COLUMBIA, Maryland (Reuters) - A Maryland mall where a 19-year-old gunman killed two store employees before apparently taking his own life reopened on Monday to mourners bearing flowers and questions about why the shooting happened.
The popular retail complex about 20 miles west of Baltimore had been closed since Darion Marcus Aguilar fired six to eight shots from a 12-gauge shotgun on Saturday as the mall bustled with weekend shoppers.
Howard County Executive Ken Ulman told a few hundred people, many of them first responders, outside the mall before it reopened that the community had shown its resiliency and strength.
“In these tough times I’ve seen some things that I am incredibly proud of,” Ulman said while flanked by U.S. Representative Elijah Cummings, a Democrat.
After a moment of silence called for by Ulman, the onlookers walked in through the same entrance police say the shooter used.
Police are investigating what drove Aguilar, of College Park, Maryland, to shoot the employees of the Zumiez skateboard shop - Brianna Benlolo, 21, of College Park, and Tyler Johnson, 25, of Mount Airy, Maryland.
Howard County Police Chief Bill McMahon told CNN investigators had not turned up any relationship between Aguilar and the victims.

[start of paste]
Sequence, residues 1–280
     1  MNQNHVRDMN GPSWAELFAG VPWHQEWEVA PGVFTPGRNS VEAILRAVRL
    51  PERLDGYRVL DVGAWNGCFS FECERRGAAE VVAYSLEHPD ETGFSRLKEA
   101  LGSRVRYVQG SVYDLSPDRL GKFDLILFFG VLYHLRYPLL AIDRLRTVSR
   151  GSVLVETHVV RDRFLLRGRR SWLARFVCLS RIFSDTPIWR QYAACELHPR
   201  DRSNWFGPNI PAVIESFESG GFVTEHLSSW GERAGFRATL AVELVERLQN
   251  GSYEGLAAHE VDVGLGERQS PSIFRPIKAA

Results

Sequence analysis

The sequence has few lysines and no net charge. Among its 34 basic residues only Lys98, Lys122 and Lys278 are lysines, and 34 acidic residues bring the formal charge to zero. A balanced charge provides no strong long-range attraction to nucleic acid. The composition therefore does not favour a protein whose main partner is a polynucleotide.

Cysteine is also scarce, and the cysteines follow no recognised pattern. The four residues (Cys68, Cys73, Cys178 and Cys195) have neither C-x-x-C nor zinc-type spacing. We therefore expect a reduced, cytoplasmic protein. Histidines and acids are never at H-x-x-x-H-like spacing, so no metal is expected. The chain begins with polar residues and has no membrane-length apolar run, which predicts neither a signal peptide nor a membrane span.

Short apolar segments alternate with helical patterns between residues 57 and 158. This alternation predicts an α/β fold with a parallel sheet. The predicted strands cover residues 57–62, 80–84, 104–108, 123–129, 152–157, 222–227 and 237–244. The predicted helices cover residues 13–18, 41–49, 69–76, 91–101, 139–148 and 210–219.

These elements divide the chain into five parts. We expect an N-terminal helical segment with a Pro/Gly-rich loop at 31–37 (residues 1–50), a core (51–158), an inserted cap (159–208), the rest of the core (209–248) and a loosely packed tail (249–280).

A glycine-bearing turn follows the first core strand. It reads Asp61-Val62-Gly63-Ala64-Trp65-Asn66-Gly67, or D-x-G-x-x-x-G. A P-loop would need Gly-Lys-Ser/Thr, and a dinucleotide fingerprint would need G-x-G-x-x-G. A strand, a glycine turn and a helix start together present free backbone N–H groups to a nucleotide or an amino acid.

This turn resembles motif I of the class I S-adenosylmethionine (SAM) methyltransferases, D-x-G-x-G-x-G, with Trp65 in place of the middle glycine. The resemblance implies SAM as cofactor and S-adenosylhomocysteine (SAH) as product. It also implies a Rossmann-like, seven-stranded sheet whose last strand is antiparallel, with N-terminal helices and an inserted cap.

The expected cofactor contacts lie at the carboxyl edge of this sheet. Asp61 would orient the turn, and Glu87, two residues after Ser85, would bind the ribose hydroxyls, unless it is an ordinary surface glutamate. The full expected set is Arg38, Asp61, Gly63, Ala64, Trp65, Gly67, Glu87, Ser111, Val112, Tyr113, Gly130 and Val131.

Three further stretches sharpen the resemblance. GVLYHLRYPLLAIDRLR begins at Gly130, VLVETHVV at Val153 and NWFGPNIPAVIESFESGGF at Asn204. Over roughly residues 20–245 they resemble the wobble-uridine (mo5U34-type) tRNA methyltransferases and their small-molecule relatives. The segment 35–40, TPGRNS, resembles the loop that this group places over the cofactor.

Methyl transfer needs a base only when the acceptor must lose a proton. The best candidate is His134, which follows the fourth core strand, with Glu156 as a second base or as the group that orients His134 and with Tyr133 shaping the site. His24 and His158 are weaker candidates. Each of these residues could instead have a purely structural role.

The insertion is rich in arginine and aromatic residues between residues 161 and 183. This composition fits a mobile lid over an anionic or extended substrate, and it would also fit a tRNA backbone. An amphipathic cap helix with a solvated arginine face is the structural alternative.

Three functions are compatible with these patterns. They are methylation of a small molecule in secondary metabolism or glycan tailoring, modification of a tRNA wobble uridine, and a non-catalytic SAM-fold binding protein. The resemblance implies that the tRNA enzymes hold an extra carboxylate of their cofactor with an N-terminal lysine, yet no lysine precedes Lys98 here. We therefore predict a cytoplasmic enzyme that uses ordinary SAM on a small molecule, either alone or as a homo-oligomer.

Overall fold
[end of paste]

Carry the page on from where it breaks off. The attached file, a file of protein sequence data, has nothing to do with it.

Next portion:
A third person who was near the shop on the mall’s upper level just above the food court suffered a gunshot wound to the foot.
Carrying a bunch of lilies, Kristen Lowman, 20, of Elkridge, Maryland, said she was shopping at the mall when the shooting took place.
She was unsure if she would be able to come back to shop there, but added, “Anywhere you go you have a risk ... You can’t let bad people control what you do.”
Most stores appeared open, but the Zumiez shop was sealed off by a temporary white wall with a company statement on it saying it was closed in memory of Benlolo and Johnson.
Passersby stopped to snap photos, and bunches of flowers and stuffed animals were placed in front of the wall. They were quickly picked up by mall security.
Maryland Governor Martin O‘Malley, a Democrat who signed into law one of the nation’s toughest gun control bills last year, turned up after the ceremony to show solidarity with Columbia residents.
“The tragedies that unfolded here over the weekend reminded us that in places all around our state all of us are human, therefore all of us are vulnerable,” he told reporters.
The attack was the latest in a spate of U.S. shootings that has renewed questions about the vulnerability of public places. It sparked fresh calls from some politicians for stiffer gun control.
Aguilar had a backpack filled with crude explosives and authorities were initially concerned he had booby-trapped himself, police have said.
Police believe Aguilar, who they said did not have a criminal record, legally bought the shotgun last month in nearby Montgomery County.
Police found more ammunition and Aguilar’s journal during a search of his home. In the journal, “he does express some general unhappiness with his life,” McMahon said on Sunday.
Reporting by Colleen Jenkins; Editing by Stephen Powell, Bernard Orr